From Home Rule to Independence
Iceland gained home rule on February 1, 1904. The King of Denmark appointed a single Minister to govern Iceland, who had the support of a majority of Alþingi. Thus parliamentary government was introduced in Iceland.
Hannes Hafstein served as first Minister of Iceland from 1904 until 1909, when he had to step down after a vote of no confidence in Alþingi. In 1917 the numbers of Minister Posts were increased from one to three Ministers.
Iceland was recognised as a sovereign state, in a personal union with the King of Denmark, on December 1, 1918. Legislation passed by Alþingi required royal assent in order to take effect. The King retained the power of veto under the Constitution although he respected the principle of parliamentary government. The veto was never applied. Alþingi held all legislative powers in national affairs, while foreign affairs remained in the hands of the Danish government.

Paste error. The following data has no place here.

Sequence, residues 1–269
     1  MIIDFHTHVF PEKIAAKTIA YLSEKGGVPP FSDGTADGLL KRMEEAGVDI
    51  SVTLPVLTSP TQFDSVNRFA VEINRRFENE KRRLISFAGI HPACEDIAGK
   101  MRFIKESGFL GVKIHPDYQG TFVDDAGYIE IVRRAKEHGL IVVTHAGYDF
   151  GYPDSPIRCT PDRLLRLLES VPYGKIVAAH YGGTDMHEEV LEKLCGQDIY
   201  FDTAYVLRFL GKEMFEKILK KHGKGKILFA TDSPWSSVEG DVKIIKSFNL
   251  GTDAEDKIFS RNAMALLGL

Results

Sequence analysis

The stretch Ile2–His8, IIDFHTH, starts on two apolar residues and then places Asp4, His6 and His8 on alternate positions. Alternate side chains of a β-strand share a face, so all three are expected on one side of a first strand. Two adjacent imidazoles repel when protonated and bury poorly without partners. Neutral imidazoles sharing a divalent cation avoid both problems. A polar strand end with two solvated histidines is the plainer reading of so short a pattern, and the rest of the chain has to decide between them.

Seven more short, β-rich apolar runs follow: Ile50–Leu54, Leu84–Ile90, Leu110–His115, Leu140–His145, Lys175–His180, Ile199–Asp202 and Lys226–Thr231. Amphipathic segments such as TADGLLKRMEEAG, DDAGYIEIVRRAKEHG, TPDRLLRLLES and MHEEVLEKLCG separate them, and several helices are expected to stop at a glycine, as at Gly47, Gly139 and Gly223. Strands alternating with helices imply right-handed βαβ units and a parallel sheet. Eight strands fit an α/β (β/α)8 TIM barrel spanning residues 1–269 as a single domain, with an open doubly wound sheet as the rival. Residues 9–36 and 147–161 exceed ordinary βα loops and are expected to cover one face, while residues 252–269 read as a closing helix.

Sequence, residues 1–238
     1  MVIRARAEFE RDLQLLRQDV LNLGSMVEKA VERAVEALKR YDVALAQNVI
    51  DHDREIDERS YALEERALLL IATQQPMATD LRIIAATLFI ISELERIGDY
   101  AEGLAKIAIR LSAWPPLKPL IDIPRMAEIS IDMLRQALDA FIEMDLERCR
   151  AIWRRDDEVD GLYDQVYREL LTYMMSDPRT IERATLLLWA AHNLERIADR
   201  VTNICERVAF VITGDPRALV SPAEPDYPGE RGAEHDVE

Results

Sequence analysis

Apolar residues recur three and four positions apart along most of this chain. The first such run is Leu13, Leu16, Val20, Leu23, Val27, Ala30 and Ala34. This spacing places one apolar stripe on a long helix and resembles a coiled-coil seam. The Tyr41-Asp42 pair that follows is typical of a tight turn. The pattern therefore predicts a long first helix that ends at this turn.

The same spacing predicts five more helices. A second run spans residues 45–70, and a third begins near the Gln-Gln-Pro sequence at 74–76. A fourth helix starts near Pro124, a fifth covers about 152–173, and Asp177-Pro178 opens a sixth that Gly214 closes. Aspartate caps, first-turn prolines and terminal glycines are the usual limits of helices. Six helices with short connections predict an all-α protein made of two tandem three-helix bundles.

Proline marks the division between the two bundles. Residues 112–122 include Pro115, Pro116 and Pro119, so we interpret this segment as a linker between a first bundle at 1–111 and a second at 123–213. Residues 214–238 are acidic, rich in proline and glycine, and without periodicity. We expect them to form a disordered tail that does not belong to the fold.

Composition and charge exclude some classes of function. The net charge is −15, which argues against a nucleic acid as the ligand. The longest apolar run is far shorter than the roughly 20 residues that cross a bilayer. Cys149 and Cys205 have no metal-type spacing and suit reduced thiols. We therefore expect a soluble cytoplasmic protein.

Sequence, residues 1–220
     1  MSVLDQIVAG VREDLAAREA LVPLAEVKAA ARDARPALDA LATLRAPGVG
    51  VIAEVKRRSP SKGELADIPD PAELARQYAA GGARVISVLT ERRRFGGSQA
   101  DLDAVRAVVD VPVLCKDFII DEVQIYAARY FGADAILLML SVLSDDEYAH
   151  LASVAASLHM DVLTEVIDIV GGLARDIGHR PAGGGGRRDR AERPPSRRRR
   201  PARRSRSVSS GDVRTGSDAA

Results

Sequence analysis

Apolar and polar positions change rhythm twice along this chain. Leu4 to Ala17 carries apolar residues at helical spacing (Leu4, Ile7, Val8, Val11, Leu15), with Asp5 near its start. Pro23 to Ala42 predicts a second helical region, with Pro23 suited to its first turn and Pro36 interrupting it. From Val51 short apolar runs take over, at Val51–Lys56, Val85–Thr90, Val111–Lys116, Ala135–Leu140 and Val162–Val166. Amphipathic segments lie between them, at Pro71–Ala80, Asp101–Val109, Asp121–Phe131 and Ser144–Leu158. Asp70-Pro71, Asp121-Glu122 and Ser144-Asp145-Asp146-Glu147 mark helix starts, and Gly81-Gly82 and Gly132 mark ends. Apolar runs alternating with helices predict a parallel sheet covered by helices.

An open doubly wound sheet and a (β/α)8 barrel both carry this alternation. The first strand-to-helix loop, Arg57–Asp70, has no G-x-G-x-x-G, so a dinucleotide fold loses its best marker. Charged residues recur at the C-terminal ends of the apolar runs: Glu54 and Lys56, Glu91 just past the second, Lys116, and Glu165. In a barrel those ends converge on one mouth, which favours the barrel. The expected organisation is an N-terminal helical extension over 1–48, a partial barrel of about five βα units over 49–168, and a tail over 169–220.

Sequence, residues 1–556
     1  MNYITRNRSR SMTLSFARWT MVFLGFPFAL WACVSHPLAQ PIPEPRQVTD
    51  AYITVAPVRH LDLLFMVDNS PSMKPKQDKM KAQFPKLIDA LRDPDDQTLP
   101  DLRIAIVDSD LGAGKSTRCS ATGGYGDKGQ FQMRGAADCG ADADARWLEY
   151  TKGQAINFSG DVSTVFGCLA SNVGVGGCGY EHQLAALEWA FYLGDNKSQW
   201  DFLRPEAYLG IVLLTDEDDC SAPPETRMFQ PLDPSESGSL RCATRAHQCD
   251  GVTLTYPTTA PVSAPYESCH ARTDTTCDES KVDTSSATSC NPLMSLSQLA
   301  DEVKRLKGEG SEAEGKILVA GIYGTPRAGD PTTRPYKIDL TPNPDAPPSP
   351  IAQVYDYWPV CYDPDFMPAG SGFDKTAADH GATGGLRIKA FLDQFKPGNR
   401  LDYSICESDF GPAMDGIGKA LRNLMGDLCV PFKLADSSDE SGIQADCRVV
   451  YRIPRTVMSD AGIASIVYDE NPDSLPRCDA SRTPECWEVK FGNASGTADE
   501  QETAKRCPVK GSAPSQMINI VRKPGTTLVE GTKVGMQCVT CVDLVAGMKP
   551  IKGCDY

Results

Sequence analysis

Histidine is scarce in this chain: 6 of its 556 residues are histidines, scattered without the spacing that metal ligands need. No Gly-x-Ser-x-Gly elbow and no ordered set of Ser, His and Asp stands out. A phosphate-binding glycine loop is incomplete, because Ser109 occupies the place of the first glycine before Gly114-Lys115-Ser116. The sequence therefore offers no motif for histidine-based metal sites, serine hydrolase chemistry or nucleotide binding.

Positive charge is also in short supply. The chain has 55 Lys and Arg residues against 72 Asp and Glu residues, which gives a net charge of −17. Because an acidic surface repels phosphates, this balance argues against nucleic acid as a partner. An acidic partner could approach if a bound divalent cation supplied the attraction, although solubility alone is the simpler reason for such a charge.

Iceland gained independence from Denmark on June 17, 1944. When Denmark was occupied by German forces in 1940 it cut Iceland off from the government in Copenhagen. Thus, Alþingi announced that royal powers would be transferred to the Icelandic government and that Iceland would take over its own foreign affairs. On June 17, 1941, Alþingi elected a Viceroy to serve as a proxy for the King. This arrangement continued until the Act of Union was repealed and the modern Republic of Iceland was founded at a session of Alþingi at Þingvellir on June 17 1944. At the same session, Iceland’s first President was chosen.